What I Learned from Tatort Part I

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It's time for the first in an occasional series I'll call 'What I learned from Tatort'. Tatort ('crime scene'), a weekly 90-minute crime drama aired by German public television, is one of the longest-running series in history and is perhaps the fundamental building-block of German popular culture. It is also an window into what The Germans are thinking about various social issues. Or, more accurately, what a certain group of upper-middle-class, university-educated public-television cultural bureaucrats want Germans to think about social issues.

There are certain fundamental didactic premises underlying all Tatort episodes. For instance: Anyone who drives an expensive car is morally dubious, unless that person is a member of the German civil service (otherwise known as Mankind's Noblest CallingTM), in which the expensive car is a harmless diversion from the excruciating ordeal of working for the German state. All civil servants, for that matter, are hopelessly überfordert (overburdened), which explains any mistakes they may make from time to time.

However, in addition to the general didactic premises, the moral 'background radiation' of Tatort's universe, there are more specific lessons in each episode. A few weeks ago, for instance, we learned that art is sacred, that the artist must be permitted to bend or break the rules, and that his vision must never be interfered with. And just before that, in an episode clearly modeled on a Scientology-like organization, we learned that Scientology-like organizations are sinister, profit-driven cults that prey on the weak of mind.

Last Sunday's Tatort revolved around the murder of a little girl at an amusement park. Several suspects appeared, including a Croatian lawyer, a possibly-reformed pedophile, and the girl's own mother. Among the lessons:

  1. People from the Balkans are a rather hot-tempered lot, with a tendency to get jealous, which makes them screamy and stabby. Nevertheless, just because fiery Balkan blood rages in their veins doesn't mean they're always good for the murder.
  2. Just because someone behaves unusually after one of their relatives dies doesn't mean she's guilty of murder.
  3. Child molesters who've served their time in prison and are cooperating with their therapists deserve a second chance, (but only/especially/even) if they are white and German.

I think that about covers it. Worthy sentiments, all! Let me know in comments if I missed anything.

7 thoughts on “What I Learned from Tatort Part I

  1. Great idea!

    With this articles I can compare German culture with the deep knowledge and understandig of US culture I gained from 30 years of american crime series beginning with Charlie’s Angels and A-Team to Columbo and to CSI.

    I found it always fascinating that in the US police capatins are alway hyper-cholerics, hispanic-americans are always poor victims or villains, killing of random bystanders or destroying their property never has any consequences and the black cop never has a white wife.

    Fascinating!

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  2. Martin brings up a pretty interesting point. You go far enough back in Tatort, you’ll eventually get a non-PC Schimanski.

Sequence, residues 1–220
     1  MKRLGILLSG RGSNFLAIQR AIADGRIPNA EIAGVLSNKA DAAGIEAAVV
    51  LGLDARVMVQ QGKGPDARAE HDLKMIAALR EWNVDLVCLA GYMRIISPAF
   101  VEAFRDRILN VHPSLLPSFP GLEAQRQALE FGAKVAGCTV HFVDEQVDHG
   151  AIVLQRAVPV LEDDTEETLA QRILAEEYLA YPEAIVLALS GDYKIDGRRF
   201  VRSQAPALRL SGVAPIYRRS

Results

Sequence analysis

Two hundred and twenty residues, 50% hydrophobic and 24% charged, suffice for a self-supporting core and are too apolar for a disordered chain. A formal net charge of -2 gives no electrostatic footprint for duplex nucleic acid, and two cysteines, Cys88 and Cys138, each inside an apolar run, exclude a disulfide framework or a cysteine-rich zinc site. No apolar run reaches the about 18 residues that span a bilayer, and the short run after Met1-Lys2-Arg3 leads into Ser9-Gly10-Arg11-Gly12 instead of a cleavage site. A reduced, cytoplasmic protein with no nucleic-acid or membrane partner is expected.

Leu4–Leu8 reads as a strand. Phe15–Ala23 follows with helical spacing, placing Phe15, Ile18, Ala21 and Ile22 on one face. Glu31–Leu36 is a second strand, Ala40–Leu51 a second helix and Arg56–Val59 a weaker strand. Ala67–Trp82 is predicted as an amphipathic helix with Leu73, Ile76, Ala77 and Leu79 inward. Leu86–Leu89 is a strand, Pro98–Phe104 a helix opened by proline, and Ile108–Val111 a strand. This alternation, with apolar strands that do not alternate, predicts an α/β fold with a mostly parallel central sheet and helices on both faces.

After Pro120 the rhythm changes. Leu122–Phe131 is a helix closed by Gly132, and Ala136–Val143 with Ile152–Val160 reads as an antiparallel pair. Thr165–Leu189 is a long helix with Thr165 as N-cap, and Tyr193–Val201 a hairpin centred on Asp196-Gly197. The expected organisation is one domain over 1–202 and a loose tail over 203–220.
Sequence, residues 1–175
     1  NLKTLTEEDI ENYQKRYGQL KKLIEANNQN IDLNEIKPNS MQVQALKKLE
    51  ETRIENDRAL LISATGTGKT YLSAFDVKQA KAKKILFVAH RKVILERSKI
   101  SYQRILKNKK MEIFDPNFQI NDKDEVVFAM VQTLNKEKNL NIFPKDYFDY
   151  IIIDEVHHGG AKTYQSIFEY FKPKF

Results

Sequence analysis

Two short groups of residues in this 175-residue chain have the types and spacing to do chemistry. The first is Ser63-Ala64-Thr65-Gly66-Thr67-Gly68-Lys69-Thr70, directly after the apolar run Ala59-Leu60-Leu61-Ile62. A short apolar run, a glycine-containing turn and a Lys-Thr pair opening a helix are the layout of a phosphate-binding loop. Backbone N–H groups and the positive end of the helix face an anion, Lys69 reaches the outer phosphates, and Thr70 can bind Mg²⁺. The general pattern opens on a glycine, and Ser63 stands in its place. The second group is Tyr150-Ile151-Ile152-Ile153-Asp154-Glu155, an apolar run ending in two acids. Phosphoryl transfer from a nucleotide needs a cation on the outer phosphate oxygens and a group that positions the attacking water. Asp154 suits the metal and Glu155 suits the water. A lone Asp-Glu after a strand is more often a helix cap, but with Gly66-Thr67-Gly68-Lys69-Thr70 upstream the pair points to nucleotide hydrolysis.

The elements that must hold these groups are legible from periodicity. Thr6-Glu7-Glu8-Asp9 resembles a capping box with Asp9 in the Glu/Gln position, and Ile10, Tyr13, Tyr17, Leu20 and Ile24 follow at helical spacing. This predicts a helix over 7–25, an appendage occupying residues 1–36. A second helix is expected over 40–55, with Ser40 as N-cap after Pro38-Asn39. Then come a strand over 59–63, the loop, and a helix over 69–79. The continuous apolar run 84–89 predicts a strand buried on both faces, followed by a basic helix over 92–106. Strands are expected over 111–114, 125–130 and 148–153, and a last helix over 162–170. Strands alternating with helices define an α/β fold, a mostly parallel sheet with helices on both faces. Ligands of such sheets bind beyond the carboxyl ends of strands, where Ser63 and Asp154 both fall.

However, the 1970s in the U.S. was actually the very high point of politically-correct programming in the U.S. Back then, the detectives on ‘Barney Miller’ were from all different races yet got along with each other splendidly (with a quickly-solved misunderstandings along the way), and some of them even came out as gay.

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  3. Andrew makes a valid point – Tatort episodes show society the way middle- and upper class left-wing intellectuals and programming directors would like it to be.

    That said, Tatort has in an often very positive way always been good at raising questions and issues about society in general. How criminals should be dealt with, what motivates them and makes them tick, and how should society perceive and judge certain crimes or moral transgressions. And every now and then, despite its mentioned idealistic ambitions, it offers very tantalizing “Milieustudien”.

    If you want to see really socially dogmatic crime drama, however, try to catch one of the older pre-1989 “Polizeiruf 110” episodes. “Polizeiruf 110” used to be the rival project to Tatort in East Germany, in response to Tatort’s secret popularity among viewers in the GDR. Getting their orders directly from the Socialist party, its makers showed criminals as betrayers of society, as corrupters of communist solidarity. I remember seeing one episode which ended with a petty lady-thief being confronted by a half dozen of her victims at the police station, all of whom looked at her sternly as if to say “you have failed us… you have failed society!”

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  4. The thesis about civil servants is surely wrong. The only hard-working ones in Tatort are the police officers themselves. The bureaucrat with the big car is very often corrupt or involved in some other scandal, even if he isn’t the murderer.
    There are quite a few Tatort episodes where some superior guy in the judicial system or the prosecutor or someone from the Bundeskriminalamt (meddling with or taking away the case from the main Kommissare) is the culprit in the end.

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